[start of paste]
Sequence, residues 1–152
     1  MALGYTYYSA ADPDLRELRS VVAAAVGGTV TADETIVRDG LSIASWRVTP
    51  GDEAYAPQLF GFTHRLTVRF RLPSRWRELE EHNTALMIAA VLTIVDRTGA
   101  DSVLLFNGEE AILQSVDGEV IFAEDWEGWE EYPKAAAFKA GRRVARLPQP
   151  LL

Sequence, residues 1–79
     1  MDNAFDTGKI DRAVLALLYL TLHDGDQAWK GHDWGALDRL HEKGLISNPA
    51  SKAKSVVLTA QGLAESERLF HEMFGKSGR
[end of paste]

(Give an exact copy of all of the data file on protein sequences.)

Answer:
Sequence, residues 1–152
     1  MALGYTYYSA ADPDLRELRS VVAAAVGGTV TADETIVRDG LSIASWRVTP
    51  GDEAYAPQLF GFTHRLTVRF RLPSRWRELE EHNTALMIAA VLTIVDRTGA
   101  DSVLLFNGEE AILQSVDGEV IFAEDWEGWE EYPKAAAFKA GRRVARLPQP
   151  LL

Sequence, residues 1–79
     1  MDNAFDTGKI DRAVLALLYL TLHDGDQAWK GHDWGALDRL HEKGLISNPA
    51  SKAKSVVLTA QGLAESERLF HEMFGKSGR